Endgame: Penguins 4, Devils 1
Saturday, 10.22.2011 / 10:47 PM / Features
By Michelle Crechiolo
Post-Game: Dan Bylsma
Post-Game: Jordan Staal
Post-Game: Marc-Andre Fleury
Post-Game: James Neal
A Staal Order
Pens-Devils In-Game Blog
Penguins Report: Game Day vs. New Jersey
Penguins vs. Devils Scouting Report
Everything you need to know from the Penguins' 4-2 victory over New Jersey:
A STAAL ORDER
Penguins center Jordan Staal has always had a big body at 6-foot-4, 220 pounds. But his play was even bigger than that in Pittsburgh’s 4-1 win over New Jersey at CONSOL Energy Center Saturday night.
Staal scored two goals, including his 100th career NHL goal on the second tally, to lead the Penguins offensively, and adding five shots and three hits in over 22 minutes of ice time.
“I felt good tonight,” Staal said. “My legs felt good. My hands felt good. I just had a good game. … I was very excited when they announced 100 tonight. It’s a milestone, but I want to keep moving forward.”
CLICK HERE FOR THE FULL STORY ON STAAL.
The Penguins earned a four-minute power play just 37 seconds into the third period when Steve Sullivan got a hi-stick to the face.
But an interesting sequence of events would follow. It began with Petr Sykora going to the box to serve the penalty although the replay showed it was actually Patrik Elias who committed the infraction.
To make matters worse, it would be Elias who would score a potentially game-changing shorthanded goal to even the score at 1-1.
But the Penguins kept their cool and remained focus, responding in the best way possible – by getting the goal back with a beautiful one-timer from Chris Kunitz just 1:20 later to regain the lead.
“I thought it was a great response by our team,” head coach Dan Bylsma said. “On a four-minute power play, they get a shorthanded goal and pull even in the game … I thought that was a big goal for them. I thought the answer back was huge for our team.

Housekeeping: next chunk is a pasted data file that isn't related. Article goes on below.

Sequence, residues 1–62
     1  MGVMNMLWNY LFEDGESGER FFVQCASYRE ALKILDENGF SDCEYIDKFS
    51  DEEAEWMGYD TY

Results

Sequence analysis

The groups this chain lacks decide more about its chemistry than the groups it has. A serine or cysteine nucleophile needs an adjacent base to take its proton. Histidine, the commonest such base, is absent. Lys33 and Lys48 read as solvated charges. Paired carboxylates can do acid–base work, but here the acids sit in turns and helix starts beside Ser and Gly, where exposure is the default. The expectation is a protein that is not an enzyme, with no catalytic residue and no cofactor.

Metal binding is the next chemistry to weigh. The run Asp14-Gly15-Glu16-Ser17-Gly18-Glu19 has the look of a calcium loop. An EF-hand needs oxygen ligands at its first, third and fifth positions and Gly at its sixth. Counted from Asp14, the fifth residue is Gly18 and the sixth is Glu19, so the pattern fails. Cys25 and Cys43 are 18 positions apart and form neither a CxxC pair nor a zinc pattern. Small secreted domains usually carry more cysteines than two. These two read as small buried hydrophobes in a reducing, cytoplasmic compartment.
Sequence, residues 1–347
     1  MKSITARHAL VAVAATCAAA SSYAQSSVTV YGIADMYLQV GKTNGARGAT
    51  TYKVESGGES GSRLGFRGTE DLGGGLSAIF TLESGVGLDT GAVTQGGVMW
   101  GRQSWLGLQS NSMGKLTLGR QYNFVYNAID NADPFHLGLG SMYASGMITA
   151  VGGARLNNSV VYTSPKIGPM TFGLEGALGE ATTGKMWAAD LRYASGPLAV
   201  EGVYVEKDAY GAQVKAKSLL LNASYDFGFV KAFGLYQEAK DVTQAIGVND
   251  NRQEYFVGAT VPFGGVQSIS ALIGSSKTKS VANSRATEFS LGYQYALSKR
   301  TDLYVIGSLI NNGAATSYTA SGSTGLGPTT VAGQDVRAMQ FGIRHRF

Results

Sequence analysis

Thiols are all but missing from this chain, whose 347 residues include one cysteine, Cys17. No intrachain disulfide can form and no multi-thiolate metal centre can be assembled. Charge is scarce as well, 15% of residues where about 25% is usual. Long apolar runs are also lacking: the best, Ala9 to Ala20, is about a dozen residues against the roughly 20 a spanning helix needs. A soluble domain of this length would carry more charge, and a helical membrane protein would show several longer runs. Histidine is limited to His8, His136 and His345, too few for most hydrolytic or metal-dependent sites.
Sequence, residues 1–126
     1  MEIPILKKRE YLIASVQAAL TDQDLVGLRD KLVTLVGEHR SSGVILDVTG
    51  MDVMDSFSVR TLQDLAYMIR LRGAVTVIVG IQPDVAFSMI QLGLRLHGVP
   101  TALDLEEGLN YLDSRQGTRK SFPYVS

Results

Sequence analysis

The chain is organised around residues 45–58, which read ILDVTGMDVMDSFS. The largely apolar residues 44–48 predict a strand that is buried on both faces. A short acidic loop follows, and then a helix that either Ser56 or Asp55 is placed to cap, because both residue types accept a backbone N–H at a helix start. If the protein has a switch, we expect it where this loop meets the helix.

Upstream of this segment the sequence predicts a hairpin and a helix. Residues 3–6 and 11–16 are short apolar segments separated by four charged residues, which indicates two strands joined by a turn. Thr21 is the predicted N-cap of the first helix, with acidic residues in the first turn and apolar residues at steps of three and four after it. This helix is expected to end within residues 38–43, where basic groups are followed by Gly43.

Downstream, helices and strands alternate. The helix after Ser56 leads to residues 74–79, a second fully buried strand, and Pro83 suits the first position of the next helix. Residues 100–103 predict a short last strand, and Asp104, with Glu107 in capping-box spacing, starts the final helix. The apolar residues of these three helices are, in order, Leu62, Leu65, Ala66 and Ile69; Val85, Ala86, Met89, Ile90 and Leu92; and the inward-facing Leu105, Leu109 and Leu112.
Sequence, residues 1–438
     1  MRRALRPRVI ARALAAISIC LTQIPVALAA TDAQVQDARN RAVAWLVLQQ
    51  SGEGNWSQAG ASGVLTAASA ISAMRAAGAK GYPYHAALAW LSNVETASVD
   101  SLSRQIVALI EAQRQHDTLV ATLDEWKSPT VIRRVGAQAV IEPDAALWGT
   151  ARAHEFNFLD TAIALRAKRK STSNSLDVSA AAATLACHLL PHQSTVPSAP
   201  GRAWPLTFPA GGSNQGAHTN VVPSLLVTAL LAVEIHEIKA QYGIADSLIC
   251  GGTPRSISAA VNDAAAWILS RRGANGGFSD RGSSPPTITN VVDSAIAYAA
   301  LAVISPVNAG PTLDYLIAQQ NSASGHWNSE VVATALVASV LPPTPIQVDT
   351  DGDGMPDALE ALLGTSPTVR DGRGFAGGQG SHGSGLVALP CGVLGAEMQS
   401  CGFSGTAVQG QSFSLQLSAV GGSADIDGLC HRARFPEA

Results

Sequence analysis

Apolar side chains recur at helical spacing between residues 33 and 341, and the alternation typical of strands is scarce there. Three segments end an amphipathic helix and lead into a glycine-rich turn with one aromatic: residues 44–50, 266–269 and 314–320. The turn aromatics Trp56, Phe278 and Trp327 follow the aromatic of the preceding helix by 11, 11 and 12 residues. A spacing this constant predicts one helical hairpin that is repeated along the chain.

“Our power play responds right after that to get that goal, get back the lead. I think that really kind of energized our bench in jumping right back out and getting the lead.”
The team viewed the odd sequence of events as something that had no control over. All they could do was control their game, and they did that perfectly.
“These things happen, but we can’t lose our focus over that,” defenseman Kris Letang said of Elias’ goal. “Just keep playing and we got our goal back.”
Added Kunitz, “They came out and scored a shorty. That put us 1-1. It was key for us to get the power-play goal and just go forward from there. It’s tough to take when they can score a shorty. It’s something we want to capitalize on and go forward and get the win. But they caught up. We were just fortunate going on the power play.”
Bylsma said this morning that the Penguins would be trying some new looks on the power play tonight, namely that Richard Park would be seeing time on the point during the man-advantage while Steve Sullivan would move to the halfwall.
Those moves paid off immediate dividends, as the Penguins scored two of their four goals (both on gorgeous one-timers) on the power play. They went 2-for-6 on the night with the man-advantage.
In addition to Kunitz’s goal, center Jordan Staal blasted a slapshot past Devils goalie Johan Hedberg at the 6:07 mark of the first to open the scoring.
“I think compared to last year, we’ve simplified things,” said Letang, who earned the primary helper on Kunitz’s marker. “I think we have a shooting mentality. We move the puck really well. We take what the other team gives us. I think it’s good that we’re winning the special teams battles.”
FLEURY OF SAVES
Penguins goalie Marc-Andre Fleury carried his outstanding play from Thursday’s win over Montreal into Pittsburgh’s Saturday tilt with New Jersey.
He finished with 23 saves on the night, playing especially excellent in the second period as the Devils pressed hard and controlled much of the play during that frame.
“He's our best player. He keeps us in every game,” Kunitz said. “There's a spectacular save going on at any time. I know he likes to give credit to our D-men and guys blocking shots, but we know right now that he's our best player. We just have to keep playing around him and keep pucks away from him and those second and third chances.”
Penguins defenseman Zbynek Michalek left the game just over halfway through the third period of Saturday’s game after blocking a shot with his hand.
Bylsma said following the game that the extent of Michalek’s injury is unknown at this time.
“Michalek blocked a shot and he’s getting evaluated,” Bylsma said. “We’ll see where his status is (Sunday). There’s not much of an update, but we’ll see. He did have an injury to his hand.”
Before heading to the locker room, Michalek had earned an assist on James Neal’s goal – the Penguins’ fourth and final tally of the night – through 16:29 minutes of ice time.
He was credited with a staggering six blocked shots on the night.
Author: Michelle Crechiolo